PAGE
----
• 600 mg base (=1,000 mg salt) orally immediately, followed by 300 mg base (=500 mg salt) orally at 6, 24, and 48 hours (total dose 1,500 mg base [=2,500 mg salt]); then 300 mg base (=500 mg salt) orally once weekly throughout pregnancy

Uncomplicated falciparum malaria or unidentified Plasmodium species resistant to chloroquine or of unknown resistance

QUININE
Adults:
  • Quinine sulfate 542 mg base (=650 mg salt) orally three times daily for 3-7 days Doxycycline 100 mg orally twice daily for 7 days

Pediatrics:
  • Quinine sulfate 8.3 mg base/kg (=10 mg salt/kg) orally three times daily for 3-7 days 
  • Doxycycline 4 mg/kg/day orally divided two times daily for 7 days

QUININE - TETRACYCLINE
Adults:
  • Quinine sulfate 542 mg base (=650 mg salt) orally three times daily for 3-7 days 
  • Tetracycline 250 mg orally four times daily for 7 days

Pediatrics (>8 years):
  • Quinine sulfate 8.3 mg base/kg (=10 mg salt/kg) orally three times daily for 3-7 days 
  • Tetracycline 25 mg/kg/day orally divided four times daily for 7 days

Uncomplicated chloroquine-resistant falciparum malaria in pregnancy

QUININE - CLINDAMYCIN HYDROCHLORIDE
Adults:
  • Quinine sulfate 542 mg base (=650 mg salt) orally three times daily for 3-7 days Clindamycin 20 mg base/kg/day orally divided into three doses for 7 days

Uncomplicated chloroquine-resistant vivax malaria in pregnancy

QUININE
Adults:
  • 650 mg salt orally three times daily for 7 days

Severe Falciparum Malaria

QUINIDINE GLUCONATE - DOXYCYCLINE
Adults:
  • Quinidine gluconate [6.25 mg base/kg (=10 mg salt/kg) loading dose IV over 1-2 hours, then 0.0125 mg base/kg/minute (=0.02 mg salt/kg/minute) continuous IV infusion for at least 24 hours OR 15 mg base/kg (=24 mg salt/kg) loading dose IV infused over 4 hours, followed by 7.5 mg base/kg (=12 mg salt/kg) IV infused over 4 hours every 8 hours, starting 8 hours after the loading dose]
  • Doxycycline 100 mg IV every 12 hours, switch to 100 mg orally twice daily when patient is able to take oral medication; total treatment course of 7 days

Pediatrics (< 45 kg):
  • Quinidine gluconate [6.25 mg base/kg (=10 mg salt/kg) loading dose IV over 1-2 hours, then 0.0125 mg base/kg/minute (=0.02 mg salt/kg/minute) continuous IV infusion for at least 24 hours OR 15 mg base/kg (=24 mg salt/kg) loading dose IV infused over 4 hours, followed by 7.5 mg base/kg (=12 mg salt/kg) infused over 4 hours every 8 hours, starting 8 hours after the loading dose]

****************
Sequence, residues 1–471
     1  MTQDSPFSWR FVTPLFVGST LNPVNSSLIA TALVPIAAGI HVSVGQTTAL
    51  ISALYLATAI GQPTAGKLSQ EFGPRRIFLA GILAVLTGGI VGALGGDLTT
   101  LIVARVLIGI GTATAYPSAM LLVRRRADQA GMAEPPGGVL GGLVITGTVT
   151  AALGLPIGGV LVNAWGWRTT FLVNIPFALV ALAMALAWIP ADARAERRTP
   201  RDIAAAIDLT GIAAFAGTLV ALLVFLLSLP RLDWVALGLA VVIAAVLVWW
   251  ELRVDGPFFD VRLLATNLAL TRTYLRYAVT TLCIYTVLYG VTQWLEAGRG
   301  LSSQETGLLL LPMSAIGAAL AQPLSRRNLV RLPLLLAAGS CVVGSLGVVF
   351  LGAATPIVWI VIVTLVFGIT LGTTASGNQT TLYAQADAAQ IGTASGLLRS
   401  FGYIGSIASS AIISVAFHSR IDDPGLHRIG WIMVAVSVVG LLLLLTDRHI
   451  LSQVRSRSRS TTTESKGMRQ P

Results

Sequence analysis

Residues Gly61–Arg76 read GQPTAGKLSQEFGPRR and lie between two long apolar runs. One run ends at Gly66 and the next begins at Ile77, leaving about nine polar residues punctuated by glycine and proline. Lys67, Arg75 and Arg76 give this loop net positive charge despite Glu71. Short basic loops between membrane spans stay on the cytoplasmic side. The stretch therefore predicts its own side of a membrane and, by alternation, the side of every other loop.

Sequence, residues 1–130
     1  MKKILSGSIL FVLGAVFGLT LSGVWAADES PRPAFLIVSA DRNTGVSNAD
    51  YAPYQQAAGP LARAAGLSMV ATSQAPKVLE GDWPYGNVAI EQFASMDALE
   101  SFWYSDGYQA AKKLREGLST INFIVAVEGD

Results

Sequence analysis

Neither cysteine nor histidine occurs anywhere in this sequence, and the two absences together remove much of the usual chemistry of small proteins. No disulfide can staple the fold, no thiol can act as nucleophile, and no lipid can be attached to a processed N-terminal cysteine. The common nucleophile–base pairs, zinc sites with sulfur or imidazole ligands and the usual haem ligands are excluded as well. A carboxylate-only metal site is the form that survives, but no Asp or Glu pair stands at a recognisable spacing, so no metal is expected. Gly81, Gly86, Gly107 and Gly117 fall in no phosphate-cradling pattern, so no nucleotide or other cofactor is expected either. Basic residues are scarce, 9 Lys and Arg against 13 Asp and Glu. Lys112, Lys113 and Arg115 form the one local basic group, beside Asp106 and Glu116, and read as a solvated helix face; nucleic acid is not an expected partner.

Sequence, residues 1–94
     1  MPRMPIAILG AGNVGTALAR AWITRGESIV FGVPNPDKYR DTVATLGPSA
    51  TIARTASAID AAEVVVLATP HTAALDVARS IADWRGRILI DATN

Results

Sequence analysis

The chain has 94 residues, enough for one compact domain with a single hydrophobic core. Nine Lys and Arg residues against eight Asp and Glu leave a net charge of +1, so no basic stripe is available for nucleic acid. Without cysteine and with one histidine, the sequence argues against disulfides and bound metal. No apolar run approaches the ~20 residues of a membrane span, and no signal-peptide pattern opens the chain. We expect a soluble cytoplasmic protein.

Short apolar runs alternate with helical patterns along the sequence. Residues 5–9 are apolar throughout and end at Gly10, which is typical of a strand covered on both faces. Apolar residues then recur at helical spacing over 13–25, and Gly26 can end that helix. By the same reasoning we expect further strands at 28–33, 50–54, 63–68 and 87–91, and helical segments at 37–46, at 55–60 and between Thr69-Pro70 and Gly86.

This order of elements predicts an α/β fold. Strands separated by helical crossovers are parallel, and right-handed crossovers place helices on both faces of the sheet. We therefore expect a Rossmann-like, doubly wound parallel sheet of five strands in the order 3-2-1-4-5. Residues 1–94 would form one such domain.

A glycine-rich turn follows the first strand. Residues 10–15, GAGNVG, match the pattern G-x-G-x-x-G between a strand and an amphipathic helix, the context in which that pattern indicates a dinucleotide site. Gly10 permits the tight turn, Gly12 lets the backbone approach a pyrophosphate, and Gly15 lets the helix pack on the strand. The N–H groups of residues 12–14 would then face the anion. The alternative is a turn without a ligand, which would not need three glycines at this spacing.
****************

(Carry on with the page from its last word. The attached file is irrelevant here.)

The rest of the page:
• Doxycycline 4 mg/kg IV every 12 hours, switch to 4 mg/kg/day orally divided two times daily when the patient is able to take oral medication; total treatment course of 7 days

Pediatrics (> 45 kg):
  • Quinidine gluconate [6.25 mg base/kg (=10 mg salt/kg) loading dose IV over 1-2 hours, then 0.0125 mg base/kg/minute (=0.02 mg salt/kg/minute) continuous IV infusion for at least 24 hours OR 15 mg base/kg (=24 mg salt/kg) loading dose IV infused over 4 hours, followed by 7.5 mg base/kg (=12 mg salt/kg) IV infused over 4 hours every 8 hours, starting 8 hours after the loading dose]
  • Doxycycline 100 mg IV every 12 hours, switch to 100 mg orally twice daily when patient is able to take oral medication; total treatment course of 7 days

QUINIDINE GLUCONATE - TETRACYCLINE
Adults:
  • Quinidine gluconate [6.25 mg base/kg (=10 mg salt/kg) loading dose IV over 1-2 hours, then 0.0125 mg base/kg/minute (=0.02 mg salt/kg/minute) continuous IV infusion for at least 24 hours OR 15 mg base/kg (=24 mg salt/kg) loading dose IV infused over 4 hours, followed by 7.5 mg base/kg (=12 mg salt/kg) IV infused over 4 hours every 8 hours, starting 8 hours after the loading dose]
  • Tetracycline 250 mg orally four times daily for 7 days

Pediatrics:
  • Quinidine gluconate [6.25 mg base/kg (=10 mg salt/kg) loading dose IV over 1-2 hours, then 0.0125 mg base/kg/minute (=0.02 mg salt/kg/minute) continuous IV infusion for at least 24 hours OR 15 mg base/kg (=24 mg salt/kg) loading dose IV infused over 4 hours, followed by 7.5 mg base/kg (=12 mg salt/kg) IV infused over 4 hours every 8 hours, starting 8 hours after the loading dose]